David Brooks is right about three things. First, the current economic fiasco is leading, at least in the short term, to a situation where people are tossing aside their ideological preconceptions in the interest of achieving confidence in the markets. Pragmatism is coming to the fore on both the left and the right. Brooks is also correct that the mechanism for achieving (or attempting to achieve) stability is the faith people have in an elite of financial powerhouses.

What Paulson, et al. have tried to do is reassert authority — the sort that used to be wielded by the Mellons and Rockefellers and other rich men in private clubs.

Inspired in part by Paul Volcker, Nicholas Brady and Eugene Ludwig, and announced last week, the Paulson plan is a pure establishment play. It would assign nearly unlimited authority to a small coterie of policy makers. It does not rely on any system of checks and balances, but on the wisdom and public spiritedness of those in charge. It offers succor to the investment banks that contributed to this mess and will burn through large piles of taxpayer money. But in exchange, it promises to restore confidence. Somebody, amid all the turmoil, will occupy the commanding heights.

But, of course, the original Paulson plan would not fly. It will be changed to include federal oversight, to provide help for homeowners, and to deny golden parachutes to failed CEOs. The inertia of Washington is such that we are headed, at least initially, in exactly the direction Brooks suggests.

Beyond that, they will embrace a certain sort of governing approach.

The government will be much more active in economic management (pleasing a certain sort of establishment Democrat). Government activism will provide support to corporations, banks and business and will be used to shore up the stable conditions they need to thrive (pleasing a certain sort of establishment Republican). Tax revenues from business activities will pay for progressive but business-friendly causes — investments in green technology, health care reform, infrastructure spending, education reform and scientific research.

If you wanted to devise a name for this approach, you might pick the phrase economist Arnold Kling has used: Progressive Corporatism. We’re not entering a phase in which government stands back and lets the chips fall. We’re not entering an era when the government pounds the powerful on behalf of the people. We’re entering an era of the educated establishment, in which government acts to create a stable — and often oligarchic — framework for capitalist endeavor.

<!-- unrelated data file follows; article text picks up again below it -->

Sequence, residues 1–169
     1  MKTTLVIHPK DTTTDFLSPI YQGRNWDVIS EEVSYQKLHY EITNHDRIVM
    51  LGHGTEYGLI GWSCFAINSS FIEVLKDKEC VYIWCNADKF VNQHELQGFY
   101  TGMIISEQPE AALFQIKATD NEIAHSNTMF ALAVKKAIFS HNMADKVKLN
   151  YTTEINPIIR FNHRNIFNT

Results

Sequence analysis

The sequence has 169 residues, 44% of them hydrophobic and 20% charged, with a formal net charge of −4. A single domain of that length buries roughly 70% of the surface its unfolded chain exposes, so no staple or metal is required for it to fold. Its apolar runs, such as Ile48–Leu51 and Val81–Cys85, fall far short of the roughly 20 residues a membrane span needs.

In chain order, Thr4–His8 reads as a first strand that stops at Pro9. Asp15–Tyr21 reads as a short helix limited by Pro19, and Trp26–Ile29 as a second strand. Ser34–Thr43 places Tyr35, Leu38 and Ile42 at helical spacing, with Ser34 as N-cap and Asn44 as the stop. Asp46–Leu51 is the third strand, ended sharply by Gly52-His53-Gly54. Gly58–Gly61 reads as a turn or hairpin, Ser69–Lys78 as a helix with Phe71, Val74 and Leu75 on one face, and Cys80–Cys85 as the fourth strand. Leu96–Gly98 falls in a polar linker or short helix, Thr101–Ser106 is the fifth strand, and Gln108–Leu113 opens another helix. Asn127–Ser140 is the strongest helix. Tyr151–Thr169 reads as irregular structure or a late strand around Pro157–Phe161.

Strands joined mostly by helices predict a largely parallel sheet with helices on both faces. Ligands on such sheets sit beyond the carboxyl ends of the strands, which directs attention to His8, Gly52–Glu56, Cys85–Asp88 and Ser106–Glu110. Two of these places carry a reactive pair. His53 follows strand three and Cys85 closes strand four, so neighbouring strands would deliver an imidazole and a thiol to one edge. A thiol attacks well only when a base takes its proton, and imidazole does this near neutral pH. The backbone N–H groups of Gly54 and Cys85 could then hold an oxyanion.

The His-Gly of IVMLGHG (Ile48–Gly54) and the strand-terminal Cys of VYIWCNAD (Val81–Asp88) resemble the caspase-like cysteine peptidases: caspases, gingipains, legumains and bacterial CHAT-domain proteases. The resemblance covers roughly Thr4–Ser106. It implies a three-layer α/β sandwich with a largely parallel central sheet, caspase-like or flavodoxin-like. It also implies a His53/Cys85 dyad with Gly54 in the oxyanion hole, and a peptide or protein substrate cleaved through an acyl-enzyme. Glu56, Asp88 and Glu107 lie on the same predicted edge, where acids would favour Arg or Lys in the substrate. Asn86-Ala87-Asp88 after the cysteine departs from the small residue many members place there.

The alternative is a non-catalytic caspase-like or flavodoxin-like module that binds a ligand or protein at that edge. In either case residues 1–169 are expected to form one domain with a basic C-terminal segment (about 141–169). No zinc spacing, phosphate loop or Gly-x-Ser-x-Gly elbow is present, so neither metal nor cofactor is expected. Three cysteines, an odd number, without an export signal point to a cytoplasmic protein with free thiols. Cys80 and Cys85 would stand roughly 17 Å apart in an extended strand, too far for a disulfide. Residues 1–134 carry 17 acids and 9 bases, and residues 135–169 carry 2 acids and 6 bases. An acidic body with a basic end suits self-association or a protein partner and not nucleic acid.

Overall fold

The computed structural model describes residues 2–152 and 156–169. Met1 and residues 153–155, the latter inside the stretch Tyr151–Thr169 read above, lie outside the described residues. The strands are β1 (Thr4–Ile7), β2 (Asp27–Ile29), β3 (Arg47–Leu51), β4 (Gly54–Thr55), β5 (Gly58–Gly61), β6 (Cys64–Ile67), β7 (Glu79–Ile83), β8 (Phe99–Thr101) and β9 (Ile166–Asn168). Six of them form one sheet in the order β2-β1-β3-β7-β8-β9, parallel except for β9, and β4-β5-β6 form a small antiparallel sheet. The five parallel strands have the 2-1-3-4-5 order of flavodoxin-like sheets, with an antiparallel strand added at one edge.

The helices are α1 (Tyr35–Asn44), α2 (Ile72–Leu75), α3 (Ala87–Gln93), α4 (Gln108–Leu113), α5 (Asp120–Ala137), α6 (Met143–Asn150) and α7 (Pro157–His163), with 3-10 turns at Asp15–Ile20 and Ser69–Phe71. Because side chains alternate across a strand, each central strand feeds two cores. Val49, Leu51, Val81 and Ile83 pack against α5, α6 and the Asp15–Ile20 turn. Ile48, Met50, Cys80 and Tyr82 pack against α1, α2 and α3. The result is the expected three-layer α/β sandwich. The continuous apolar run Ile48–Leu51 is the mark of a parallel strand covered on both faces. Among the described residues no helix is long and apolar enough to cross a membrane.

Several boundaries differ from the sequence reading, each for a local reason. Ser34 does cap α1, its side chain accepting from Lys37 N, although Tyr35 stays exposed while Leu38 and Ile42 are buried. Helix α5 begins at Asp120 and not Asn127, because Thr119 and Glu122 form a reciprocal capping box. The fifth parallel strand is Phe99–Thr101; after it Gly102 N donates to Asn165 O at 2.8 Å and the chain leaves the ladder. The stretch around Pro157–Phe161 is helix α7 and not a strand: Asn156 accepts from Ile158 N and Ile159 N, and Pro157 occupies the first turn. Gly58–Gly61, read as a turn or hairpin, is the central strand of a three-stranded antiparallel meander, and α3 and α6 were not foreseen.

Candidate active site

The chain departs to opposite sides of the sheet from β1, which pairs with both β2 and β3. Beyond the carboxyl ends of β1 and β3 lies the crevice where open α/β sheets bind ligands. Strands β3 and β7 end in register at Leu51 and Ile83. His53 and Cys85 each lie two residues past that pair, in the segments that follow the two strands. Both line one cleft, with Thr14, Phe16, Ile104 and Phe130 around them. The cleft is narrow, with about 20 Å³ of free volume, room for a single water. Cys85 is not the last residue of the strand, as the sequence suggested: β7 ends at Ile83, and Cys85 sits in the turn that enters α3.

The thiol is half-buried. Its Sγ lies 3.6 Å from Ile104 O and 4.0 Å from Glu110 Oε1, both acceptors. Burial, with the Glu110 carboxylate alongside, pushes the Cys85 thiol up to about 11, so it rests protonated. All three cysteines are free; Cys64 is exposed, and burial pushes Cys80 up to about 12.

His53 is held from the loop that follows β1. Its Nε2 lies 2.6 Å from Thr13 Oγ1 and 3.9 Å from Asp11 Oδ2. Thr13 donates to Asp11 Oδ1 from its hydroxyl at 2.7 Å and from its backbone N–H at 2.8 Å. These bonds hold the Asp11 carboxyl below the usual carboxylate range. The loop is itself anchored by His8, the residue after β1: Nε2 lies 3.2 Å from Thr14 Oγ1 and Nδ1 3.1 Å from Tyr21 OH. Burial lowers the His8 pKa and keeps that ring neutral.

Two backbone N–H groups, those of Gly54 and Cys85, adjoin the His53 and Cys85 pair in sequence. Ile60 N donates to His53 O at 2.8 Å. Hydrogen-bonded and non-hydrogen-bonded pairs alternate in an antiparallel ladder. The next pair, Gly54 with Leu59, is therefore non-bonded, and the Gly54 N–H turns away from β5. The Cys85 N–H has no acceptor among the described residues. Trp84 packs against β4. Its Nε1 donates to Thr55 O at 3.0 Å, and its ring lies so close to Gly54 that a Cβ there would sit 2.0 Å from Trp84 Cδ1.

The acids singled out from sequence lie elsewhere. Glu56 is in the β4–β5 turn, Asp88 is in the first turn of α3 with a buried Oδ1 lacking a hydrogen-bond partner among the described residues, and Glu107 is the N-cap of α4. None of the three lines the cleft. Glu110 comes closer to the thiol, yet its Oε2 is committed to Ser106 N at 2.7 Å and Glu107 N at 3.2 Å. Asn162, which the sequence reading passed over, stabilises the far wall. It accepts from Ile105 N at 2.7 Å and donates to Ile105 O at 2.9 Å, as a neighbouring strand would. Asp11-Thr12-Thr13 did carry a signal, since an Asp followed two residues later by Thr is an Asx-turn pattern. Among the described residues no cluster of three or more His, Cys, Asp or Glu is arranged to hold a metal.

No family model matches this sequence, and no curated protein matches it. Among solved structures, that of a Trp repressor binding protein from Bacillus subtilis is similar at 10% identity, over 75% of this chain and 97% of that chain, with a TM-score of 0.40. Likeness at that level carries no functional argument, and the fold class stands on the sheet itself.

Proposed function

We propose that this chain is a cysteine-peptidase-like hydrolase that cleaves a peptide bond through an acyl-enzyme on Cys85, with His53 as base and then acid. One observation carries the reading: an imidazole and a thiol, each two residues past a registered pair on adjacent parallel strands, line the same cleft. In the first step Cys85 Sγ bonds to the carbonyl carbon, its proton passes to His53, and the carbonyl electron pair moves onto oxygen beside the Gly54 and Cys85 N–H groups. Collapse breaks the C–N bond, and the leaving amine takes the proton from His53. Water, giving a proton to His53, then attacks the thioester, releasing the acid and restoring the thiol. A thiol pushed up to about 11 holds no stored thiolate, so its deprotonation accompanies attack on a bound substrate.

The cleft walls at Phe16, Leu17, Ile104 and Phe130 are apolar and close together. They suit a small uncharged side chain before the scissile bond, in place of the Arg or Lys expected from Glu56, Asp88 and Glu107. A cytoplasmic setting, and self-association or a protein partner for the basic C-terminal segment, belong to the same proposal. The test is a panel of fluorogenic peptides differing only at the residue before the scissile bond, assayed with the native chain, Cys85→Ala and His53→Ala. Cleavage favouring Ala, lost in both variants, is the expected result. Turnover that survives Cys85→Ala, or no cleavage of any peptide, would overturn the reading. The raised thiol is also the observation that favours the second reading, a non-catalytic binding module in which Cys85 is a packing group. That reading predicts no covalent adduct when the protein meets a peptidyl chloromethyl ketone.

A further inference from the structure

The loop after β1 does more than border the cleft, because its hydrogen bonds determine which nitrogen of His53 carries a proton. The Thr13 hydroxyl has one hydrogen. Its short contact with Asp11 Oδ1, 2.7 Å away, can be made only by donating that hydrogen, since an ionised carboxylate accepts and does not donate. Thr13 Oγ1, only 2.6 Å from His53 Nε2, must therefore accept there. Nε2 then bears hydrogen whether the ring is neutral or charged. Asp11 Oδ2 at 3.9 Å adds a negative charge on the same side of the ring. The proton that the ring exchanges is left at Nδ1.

After a liberal era and then a conservative era, we’re getting a glimpse of what comes next.

Of course, all of this is premised on Barack Obama winning the presidency. But, if he does, the initial direction of his presidency and of the swollen Democratic congress, will be precisely as Brooks describes. From the left there will be much to praise and support. But the Democrats will be badly divided between the progressives and corporatists. And this will lead to a contant tug and pull on the Obama administration. The more successful Obama is early on in restoring the economy, the less traction progressives will have for systemic change. But, if incremental steps do not work, progressives will gain the upper hand.

The new Congress will be fascinating. It could easily be swollen with as many as forty new Democratic congresspeople. But all but a handful of those new members will be coming from districts that voted for Bush twice. New Senators from places like Alaska, Colorado, Mississippi, North Carolina, and Virginia are not going to lead to some massive shift to the left.

Unless, that is, conditions demand it. Who, after all, foresaw a month ago that the government would own the world’s biggest insurer? In some ways, I expect Obama to follow FDR’s blueprint. Be flexible, try different things, and keep going until it works. Since we don’t know what will work, we can’t be sure what the result will be.

We do know that the election of Obama will be a victory, first and foremost, for the creative class. We will see policies change to emphasize science and research, technical education, infrastructure investment (for commuters), new green technologies and industry, and health care reform. The government will be more attuned to the libertarian-bent of the Obama coalition. That means a restoration of privacy rights, but also more consideration to barriers to entry and opposition to corporate welfare. Even immigration policy is likely to change to bring in more skilled workers.

The poorest among us will fare better than they have in memory, especially if health care is passed. Yet, I see progressive advocates and traditional liberals feeling some of the same frustrations they felt under Bill Clinton. A lot will depend on whether Obama really pushed his Urban Policies

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